These “rodeo sessions” are opportunities for the students to focus attention on their real work instead of prepared examples. The result is immediate improvement in efficiency, the accuracy of their calculations, or in some cases increased confidence. But there are 3 things that keep coming up:

  1. Parvenu analysts are the masses of smart people who are going into data-driven roles, and they don’t have a data mindset or background
  2. A lot of folks really don’t need much technical skill in order to get their work done
  3. A lot of the world still has high stakes in the accuracy of small data

Let’s explore …

The Parvenu & the Data Mindset

This is something that Keidra Chaney was the first to bring to my attention. When a person transitions from the doing of a task and starts managing that task, data management often comes with the new role. The brand new Call Center Supervisor, Fundraising Director, Social Media Strategist … they all start getting reports, and important people start requesting details; spreadsheets are emailed to them, and a common cry is:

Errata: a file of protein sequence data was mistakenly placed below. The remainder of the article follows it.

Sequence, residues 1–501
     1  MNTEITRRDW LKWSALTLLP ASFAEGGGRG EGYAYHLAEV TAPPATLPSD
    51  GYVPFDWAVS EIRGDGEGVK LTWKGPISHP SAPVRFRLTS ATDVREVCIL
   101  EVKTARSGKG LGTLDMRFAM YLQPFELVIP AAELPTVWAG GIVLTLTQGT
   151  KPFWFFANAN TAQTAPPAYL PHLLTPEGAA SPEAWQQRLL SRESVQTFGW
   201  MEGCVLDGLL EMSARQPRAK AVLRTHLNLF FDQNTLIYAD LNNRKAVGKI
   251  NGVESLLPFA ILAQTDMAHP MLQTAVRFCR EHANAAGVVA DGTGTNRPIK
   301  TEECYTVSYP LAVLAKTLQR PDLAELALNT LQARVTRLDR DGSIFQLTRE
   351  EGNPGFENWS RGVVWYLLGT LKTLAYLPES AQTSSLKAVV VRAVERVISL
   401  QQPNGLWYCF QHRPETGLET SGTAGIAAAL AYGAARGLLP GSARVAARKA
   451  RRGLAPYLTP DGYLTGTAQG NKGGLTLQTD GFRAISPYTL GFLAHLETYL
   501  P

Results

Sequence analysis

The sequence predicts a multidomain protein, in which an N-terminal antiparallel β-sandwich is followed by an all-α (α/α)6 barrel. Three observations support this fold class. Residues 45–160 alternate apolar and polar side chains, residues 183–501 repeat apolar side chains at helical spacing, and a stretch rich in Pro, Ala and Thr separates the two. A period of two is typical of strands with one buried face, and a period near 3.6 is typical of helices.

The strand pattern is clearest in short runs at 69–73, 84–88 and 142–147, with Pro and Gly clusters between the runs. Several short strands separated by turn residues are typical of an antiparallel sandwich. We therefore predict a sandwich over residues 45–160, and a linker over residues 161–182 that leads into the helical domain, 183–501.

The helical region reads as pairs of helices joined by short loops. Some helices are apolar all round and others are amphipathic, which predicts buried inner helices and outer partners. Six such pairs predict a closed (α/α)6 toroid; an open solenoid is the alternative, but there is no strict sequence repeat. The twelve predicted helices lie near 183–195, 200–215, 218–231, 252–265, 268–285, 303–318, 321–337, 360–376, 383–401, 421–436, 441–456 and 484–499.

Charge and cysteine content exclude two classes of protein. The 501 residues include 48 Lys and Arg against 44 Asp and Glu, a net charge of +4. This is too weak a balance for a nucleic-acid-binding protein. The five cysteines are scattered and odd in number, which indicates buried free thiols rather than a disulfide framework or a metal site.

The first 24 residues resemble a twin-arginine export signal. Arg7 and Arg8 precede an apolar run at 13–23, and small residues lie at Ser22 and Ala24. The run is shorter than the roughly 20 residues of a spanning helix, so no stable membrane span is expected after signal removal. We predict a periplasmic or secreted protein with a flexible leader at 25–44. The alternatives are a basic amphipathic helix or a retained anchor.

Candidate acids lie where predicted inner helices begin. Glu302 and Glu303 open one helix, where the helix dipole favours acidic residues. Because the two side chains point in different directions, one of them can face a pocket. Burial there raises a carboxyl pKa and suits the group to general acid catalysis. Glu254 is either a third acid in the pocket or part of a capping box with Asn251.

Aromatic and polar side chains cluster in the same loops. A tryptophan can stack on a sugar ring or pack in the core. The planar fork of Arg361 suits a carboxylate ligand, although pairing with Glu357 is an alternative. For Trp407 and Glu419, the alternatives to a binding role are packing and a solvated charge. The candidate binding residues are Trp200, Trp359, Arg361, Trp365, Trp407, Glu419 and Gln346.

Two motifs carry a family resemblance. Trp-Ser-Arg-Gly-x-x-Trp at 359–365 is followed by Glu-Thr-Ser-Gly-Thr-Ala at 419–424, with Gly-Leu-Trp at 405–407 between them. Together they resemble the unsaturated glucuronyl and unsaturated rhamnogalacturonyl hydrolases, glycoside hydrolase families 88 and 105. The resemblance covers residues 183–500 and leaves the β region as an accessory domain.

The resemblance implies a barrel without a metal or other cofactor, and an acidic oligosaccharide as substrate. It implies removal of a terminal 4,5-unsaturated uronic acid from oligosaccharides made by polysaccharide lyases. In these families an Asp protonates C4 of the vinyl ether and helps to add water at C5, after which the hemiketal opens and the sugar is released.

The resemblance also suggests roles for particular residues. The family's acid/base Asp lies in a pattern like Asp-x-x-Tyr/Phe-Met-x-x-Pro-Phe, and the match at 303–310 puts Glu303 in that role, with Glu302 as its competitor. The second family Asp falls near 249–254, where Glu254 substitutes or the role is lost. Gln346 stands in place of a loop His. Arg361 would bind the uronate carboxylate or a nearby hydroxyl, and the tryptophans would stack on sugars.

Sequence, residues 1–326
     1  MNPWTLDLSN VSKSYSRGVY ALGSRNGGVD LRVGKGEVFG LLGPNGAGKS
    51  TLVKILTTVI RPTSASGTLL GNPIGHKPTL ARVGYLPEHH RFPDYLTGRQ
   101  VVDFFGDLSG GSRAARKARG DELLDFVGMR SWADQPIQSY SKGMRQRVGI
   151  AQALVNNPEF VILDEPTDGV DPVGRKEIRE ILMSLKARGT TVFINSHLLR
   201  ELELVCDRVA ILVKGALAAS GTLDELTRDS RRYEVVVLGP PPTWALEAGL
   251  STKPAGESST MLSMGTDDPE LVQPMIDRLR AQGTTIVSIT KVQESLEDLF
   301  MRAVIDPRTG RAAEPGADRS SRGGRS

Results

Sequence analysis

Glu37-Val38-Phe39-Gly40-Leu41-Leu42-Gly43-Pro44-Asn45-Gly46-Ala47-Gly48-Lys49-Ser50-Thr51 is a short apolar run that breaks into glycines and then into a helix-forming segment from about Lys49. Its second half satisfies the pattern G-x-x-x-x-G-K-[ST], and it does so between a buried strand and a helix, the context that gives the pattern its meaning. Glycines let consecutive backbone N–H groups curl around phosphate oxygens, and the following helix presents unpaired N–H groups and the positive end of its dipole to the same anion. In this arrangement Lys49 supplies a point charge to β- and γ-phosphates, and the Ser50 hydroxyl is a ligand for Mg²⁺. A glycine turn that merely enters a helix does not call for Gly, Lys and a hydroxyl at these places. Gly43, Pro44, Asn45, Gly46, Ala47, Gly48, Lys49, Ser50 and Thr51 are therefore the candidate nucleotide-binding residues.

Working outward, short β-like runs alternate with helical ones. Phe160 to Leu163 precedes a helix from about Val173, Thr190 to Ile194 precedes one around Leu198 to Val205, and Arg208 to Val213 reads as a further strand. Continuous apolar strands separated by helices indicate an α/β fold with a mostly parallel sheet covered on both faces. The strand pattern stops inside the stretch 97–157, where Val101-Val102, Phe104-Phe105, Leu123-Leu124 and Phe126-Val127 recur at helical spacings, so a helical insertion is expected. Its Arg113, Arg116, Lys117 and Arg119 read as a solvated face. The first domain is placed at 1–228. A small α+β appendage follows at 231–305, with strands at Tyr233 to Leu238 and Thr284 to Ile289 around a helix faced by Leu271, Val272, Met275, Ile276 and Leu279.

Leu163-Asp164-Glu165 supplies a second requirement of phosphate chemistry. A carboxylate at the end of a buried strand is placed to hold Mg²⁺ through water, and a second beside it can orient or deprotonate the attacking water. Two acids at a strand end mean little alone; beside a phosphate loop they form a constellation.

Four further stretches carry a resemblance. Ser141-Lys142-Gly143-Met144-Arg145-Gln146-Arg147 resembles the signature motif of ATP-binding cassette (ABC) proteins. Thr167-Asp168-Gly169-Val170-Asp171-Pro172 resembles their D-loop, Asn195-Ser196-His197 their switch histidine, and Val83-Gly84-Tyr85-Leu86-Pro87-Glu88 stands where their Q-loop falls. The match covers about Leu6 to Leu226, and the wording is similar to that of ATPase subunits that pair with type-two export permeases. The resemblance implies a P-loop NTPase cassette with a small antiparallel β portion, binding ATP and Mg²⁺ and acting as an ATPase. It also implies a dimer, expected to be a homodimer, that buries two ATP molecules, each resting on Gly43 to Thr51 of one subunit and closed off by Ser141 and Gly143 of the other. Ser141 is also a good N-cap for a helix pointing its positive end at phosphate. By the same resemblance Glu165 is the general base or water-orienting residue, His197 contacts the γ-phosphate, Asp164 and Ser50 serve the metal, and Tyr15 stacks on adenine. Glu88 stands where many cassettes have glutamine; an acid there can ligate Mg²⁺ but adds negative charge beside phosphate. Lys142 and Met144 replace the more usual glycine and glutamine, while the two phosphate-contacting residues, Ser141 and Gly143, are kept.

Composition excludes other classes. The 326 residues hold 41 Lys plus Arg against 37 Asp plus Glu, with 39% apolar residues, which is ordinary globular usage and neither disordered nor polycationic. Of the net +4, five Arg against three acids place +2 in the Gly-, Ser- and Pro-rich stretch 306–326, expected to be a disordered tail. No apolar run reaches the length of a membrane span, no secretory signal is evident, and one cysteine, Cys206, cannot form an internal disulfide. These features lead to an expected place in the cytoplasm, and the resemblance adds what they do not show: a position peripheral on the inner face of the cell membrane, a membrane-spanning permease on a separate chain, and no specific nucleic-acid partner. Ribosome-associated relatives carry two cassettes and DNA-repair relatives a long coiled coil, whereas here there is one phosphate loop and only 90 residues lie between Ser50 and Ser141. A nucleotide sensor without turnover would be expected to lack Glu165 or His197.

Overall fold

I don’t even know where to start.

Here’s the news: if you’re one of these people, you’re an analyst even though it’s not in your title. You’re a parvenu analyst: the outsider who’s risen up to be among the business analysts and others who may have received some formal training or certification. You may not be accepted as an analyst among analysts, but if you’re responsible for data being right, you’re an analyst.

So, the starting point is to accept that you’re an analyst and data is going to be a big part of your life.

Being an analyst and having a data mindset starts by understanding what you want to ask about the data and what you want to ask of the data. A good analyst can’t be afraid the the Cheshire Cat, and that’s what a dataset can be: it’ll answer your questions with riddles and more questions.

Cheshire Cat

When data shows up on your desk, don’t jump straight into making calculations and telling those important people what you’ve found. The source data could be horribly wrong. Instead, ask questions of this Cheshire cat.